Exercise undoubtedly increases oxidation in the body. So both athletes and sometimes-gym-goers alike need more anti-oxidants than those who don’t exercise. Vitamin C in particular has been studied to replace losses from the stress hormone cortisol. Cortisol is released during exercise, and is known to catabolise (eat up) muscles for energy. Carbohydrates are needed to fuel this extra activity, and amino acids (protein) for muscle repair/growth. Vitamins and minerals are necessary to allow cellular energy production. The best sources of vitamins & minerals are through fruit and vegetables.
Before training, ensure you have a higher carb (rather than fat) meal with plenty of B vitamins. The B vitamins are water-soluble which cannot be stored in the body, and are needed for mental and physical energy.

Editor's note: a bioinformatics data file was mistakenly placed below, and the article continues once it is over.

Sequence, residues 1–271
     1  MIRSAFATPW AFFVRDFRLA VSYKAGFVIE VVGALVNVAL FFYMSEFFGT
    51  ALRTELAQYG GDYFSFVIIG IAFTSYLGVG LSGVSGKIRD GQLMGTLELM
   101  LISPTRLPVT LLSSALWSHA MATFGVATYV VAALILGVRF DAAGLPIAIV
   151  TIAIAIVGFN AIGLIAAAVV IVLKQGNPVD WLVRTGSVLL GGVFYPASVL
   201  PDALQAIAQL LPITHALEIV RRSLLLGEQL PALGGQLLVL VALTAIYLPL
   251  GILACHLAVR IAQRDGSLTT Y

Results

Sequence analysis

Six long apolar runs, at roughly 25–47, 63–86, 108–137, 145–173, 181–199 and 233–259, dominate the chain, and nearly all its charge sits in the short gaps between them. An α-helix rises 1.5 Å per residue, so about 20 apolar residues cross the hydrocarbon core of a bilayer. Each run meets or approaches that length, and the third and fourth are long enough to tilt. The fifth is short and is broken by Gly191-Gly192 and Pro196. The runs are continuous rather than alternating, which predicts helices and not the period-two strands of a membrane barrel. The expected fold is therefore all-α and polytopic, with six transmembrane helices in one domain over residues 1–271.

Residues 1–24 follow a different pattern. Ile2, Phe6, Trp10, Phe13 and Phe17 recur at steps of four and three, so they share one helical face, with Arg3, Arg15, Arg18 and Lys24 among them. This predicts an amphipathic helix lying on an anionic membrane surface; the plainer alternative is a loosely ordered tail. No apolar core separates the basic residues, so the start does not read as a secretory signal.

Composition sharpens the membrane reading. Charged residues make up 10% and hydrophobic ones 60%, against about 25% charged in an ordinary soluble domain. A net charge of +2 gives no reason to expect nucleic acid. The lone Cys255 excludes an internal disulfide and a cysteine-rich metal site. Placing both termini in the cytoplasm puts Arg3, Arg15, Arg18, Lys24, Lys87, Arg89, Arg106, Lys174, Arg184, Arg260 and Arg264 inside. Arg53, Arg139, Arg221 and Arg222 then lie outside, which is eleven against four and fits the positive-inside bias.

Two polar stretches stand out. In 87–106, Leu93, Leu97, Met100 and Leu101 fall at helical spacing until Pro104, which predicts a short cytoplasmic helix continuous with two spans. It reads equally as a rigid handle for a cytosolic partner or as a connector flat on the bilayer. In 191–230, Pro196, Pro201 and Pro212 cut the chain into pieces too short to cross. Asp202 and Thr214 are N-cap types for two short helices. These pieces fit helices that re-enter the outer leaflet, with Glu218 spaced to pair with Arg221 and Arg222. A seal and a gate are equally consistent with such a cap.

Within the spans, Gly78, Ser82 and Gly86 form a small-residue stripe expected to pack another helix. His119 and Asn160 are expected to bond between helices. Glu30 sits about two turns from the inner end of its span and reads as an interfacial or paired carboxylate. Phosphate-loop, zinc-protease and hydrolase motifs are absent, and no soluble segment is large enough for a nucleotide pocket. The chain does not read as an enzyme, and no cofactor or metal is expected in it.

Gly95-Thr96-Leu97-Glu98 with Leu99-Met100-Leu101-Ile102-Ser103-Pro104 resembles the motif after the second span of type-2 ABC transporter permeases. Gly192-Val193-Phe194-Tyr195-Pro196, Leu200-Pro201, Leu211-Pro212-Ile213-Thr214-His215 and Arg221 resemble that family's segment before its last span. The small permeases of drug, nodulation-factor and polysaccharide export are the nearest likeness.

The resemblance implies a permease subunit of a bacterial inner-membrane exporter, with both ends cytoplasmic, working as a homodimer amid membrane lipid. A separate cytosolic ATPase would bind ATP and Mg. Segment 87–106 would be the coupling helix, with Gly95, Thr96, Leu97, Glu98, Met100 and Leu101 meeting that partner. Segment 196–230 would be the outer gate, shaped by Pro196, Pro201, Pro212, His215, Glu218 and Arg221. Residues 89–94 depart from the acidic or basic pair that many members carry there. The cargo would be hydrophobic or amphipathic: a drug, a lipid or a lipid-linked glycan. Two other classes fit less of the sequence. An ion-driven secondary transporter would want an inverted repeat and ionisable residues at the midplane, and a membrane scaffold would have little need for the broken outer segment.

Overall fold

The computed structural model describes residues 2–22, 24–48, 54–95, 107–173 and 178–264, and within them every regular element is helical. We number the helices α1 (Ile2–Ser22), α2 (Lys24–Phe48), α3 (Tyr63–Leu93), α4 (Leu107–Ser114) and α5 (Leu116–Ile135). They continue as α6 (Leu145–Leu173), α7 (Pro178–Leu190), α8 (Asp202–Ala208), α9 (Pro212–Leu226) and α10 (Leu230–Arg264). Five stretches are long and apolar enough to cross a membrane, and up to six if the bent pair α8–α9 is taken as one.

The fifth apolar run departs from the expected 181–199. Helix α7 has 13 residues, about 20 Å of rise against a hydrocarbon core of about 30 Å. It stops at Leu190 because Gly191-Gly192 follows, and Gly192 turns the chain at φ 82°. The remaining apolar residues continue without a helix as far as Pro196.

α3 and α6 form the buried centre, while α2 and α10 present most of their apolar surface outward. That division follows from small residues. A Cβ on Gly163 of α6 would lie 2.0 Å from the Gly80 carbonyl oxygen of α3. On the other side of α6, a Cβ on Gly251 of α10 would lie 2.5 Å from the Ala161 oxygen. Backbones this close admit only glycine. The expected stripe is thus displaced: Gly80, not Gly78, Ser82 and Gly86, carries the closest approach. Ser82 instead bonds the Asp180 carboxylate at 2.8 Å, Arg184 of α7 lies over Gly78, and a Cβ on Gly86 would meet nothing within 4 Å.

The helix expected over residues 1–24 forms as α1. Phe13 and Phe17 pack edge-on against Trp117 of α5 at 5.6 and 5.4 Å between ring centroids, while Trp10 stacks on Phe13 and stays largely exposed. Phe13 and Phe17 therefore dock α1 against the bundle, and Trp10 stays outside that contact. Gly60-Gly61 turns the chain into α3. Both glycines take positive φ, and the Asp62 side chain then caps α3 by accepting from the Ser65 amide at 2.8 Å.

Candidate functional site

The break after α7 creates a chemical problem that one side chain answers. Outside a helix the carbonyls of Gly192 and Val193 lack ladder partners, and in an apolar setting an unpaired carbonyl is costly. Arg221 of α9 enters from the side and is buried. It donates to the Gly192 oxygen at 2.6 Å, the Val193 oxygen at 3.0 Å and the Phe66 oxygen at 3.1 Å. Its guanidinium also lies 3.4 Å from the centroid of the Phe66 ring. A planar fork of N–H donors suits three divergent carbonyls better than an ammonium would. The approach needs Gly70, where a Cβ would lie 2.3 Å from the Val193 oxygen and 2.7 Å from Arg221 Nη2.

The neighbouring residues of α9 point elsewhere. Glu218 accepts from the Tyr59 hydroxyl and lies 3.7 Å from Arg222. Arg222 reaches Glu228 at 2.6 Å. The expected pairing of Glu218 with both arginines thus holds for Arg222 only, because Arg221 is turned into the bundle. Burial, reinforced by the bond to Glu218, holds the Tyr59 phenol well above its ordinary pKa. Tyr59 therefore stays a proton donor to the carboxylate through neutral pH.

Rehydration is also essential to replenish fluid losses from sweat and increased respiration. Fresh juices are the perfect formula of readily available electrolytes, fluid, carbs and fibre. Serious hydration after a workout will allow the body to cool down efficiently and enhance muscle definition. Studies have shown that coconut water is as effective as sports drinks for rehydration following strenuous exercise.
So ditch the sports drinks over fresh juice hydration with all the natural goodies your body needs.